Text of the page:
Friday, June 25, 2010
Mount Everest Man
Our great friend Don Healy is back from the summit of Mount Everest! You may remember that I wrote about his climb before he and his wife Joyce left New York in March. Well, I am happy to tell you that he made it to the top on May 24th, a few days after his 65 birthday. And don't forget, he has an artificial hip.
The Healys had a jolly celebration this week in their home on Jane Street, and Don presented a slide presentation of his journey, which was quite amazing. The Healys live in a great house which is reached by traveling through the alley of a building which fronts Jane Street. The Healys' house was originally a blacksmith shop built in 1833. Around 1850 it became a bakery, and the baker built the front house. The Healys completely renovated and created a three storey home with a central stair well and exposed brick walls. We started with drinks in the courtyard and then moved up to seats on the top floor for the slide presentation. When it started to pour, rain splashed on the big sky lights overhead. It was very cozy.
As many good things do, this story begins with a book. Don said that he has wanted to climb Mount Everest ever since he was a boy and read The Conquest of Everest by Sir John Hunt.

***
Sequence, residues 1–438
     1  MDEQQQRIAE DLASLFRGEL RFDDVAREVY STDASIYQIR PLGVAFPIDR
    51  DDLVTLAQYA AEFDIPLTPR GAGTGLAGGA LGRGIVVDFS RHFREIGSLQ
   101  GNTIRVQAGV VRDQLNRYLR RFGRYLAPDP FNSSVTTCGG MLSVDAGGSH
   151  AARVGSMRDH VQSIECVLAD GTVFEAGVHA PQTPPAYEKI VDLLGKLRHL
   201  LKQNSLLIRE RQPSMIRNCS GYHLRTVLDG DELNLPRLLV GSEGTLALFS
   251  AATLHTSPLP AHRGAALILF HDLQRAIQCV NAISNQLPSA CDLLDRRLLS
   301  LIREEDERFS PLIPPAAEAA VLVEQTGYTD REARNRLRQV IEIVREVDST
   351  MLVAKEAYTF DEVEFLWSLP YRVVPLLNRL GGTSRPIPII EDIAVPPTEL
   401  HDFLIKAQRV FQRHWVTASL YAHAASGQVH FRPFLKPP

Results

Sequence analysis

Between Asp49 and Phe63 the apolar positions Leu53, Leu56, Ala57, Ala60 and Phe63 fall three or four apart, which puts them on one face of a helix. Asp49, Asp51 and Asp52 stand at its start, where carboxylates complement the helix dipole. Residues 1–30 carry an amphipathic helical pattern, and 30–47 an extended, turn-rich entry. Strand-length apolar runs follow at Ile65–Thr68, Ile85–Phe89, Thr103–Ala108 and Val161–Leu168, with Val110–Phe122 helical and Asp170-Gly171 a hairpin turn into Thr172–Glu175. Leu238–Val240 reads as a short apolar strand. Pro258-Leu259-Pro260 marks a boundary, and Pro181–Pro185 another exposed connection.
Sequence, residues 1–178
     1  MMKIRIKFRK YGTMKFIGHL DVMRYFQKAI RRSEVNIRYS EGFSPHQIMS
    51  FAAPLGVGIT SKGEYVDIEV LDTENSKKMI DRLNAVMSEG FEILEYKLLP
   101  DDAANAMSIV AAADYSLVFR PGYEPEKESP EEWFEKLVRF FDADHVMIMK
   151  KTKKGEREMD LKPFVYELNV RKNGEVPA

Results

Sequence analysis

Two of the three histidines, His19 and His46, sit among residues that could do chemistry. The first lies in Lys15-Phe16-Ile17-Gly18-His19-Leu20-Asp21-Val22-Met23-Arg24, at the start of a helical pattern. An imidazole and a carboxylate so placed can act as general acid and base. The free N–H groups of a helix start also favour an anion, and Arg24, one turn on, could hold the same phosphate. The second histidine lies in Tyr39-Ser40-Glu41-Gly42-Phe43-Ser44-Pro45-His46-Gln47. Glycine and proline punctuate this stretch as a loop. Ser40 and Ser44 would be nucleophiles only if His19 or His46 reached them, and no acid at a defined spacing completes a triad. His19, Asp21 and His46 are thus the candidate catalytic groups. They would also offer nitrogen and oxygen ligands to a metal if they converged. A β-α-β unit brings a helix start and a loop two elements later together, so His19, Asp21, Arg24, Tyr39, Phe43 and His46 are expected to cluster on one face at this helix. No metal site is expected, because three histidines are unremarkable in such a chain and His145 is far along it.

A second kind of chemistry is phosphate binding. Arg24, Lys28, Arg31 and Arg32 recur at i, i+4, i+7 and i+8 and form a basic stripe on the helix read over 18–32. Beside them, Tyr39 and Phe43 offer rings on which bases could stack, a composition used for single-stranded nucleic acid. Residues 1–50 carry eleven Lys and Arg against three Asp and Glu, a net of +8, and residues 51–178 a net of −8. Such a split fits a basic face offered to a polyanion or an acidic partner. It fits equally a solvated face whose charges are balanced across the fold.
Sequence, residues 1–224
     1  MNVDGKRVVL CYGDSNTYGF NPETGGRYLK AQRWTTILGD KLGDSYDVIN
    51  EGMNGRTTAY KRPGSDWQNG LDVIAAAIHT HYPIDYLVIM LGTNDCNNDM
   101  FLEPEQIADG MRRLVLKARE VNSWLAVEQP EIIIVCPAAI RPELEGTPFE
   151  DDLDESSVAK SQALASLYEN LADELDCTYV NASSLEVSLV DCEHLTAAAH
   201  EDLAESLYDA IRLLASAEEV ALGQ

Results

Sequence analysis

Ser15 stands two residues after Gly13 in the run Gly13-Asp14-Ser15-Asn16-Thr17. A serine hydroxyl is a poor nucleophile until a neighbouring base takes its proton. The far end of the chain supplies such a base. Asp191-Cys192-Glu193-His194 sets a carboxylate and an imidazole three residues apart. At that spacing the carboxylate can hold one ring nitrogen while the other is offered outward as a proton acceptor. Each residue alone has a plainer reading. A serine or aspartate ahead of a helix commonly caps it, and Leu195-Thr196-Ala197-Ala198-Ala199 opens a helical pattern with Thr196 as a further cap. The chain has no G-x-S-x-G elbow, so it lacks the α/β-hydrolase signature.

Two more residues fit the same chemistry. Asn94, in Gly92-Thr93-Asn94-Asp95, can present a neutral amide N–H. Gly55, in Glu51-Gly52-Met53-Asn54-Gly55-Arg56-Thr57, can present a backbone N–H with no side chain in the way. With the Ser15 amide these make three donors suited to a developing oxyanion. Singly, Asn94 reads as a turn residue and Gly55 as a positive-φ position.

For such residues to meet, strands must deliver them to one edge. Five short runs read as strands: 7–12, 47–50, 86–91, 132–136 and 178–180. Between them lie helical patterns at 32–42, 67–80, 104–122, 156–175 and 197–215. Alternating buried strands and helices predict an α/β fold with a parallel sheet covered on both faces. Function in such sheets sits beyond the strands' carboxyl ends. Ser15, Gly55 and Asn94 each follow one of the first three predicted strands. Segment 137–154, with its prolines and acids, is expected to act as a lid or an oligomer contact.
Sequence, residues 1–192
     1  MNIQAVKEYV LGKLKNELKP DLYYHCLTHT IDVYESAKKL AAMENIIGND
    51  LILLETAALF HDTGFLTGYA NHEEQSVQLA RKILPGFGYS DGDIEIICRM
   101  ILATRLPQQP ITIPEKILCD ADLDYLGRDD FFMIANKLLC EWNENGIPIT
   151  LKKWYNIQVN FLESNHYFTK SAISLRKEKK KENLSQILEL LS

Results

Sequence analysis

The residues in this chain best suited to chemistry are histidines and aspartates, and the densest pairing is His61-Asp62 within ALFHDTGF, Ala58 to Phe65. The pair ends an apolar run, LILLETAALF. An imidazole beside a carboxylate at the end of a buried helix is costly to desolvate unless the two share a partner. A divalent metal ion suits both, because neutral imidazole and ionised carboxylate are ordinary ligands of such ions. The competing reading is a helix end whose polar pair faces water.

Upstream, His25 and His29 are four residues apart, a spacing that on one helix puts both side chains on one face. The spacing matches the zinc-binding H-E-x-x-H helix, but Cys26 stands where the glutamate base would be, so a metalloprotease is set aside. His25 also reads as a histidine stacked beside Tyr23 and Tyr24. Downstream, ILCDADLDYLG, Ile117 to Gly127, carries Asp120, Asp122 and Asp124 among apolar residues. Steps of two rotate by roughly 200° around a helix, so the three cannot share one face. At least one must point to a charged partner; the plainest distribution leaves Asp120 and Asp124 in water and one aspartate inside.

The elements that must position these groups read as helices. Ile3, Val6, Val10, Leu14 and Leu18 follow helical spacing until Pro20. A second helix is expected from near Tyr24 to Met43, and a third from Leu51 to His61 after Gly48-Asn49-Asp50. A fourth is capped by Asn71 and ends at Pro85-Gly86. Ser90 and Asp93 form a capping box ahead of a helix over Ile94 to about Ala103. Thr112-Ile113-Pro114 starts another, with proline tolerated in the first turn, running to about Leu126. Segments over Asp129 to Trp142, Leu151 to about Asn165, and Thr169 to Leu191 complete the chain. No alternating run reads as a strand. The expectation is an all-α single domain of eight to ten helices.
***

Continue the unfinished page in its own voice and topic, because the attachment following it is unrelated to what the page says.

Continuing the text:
While training for mountain climbing a few years ago, a serious bicycle accident left him with a shattered hip and debilitated for eleven weeks. Nevertheless, in March with a new hip he and Joyce left for Kathmandu, destination Mount Everest.
Joyce trekked with Don to base camp (a difficult climb in itself) and returned home in April. Don continued his eight week climb to the summit. EIGHT WEEKS! You can read about his adventure in detail on his blog. The extreme weather and lack of oxygen are only two factors which make it very dangerous. It took Don eleven hours to climb the last very steep mile because he had to take four breaths of oxygen for every one step.
But make it he did, pictured here on the summit where other climbers have left their prayer rugs.
Then began the careful descent; more accidents happen going down the mountain than going up. Don made it back safely, fifteen pounds lighter.
Upon returning, he set about raising money for the Hospital and Rehabilitation Center for Disabled Children (HRDC) in Kathmandu, which specializes in orthopedic surgery for children in rural areas with congenital deformities. Because of his hip replacement, Don wanted to sponsor an organization that provides orthopedic care to those in need. To find out about making a contribution, go to his web site Everest Hip Hop, and click on the "Donate" button.
With his accomplishment Don proved that age and physical setbacks need not be barriers to achieving one's goals. It's an inspiration to know a true adventurer, and it's a good story too: There was a feature about Don in The Wall Street Journal, and he appeared on the Today show, interviewed by Matt Lauer: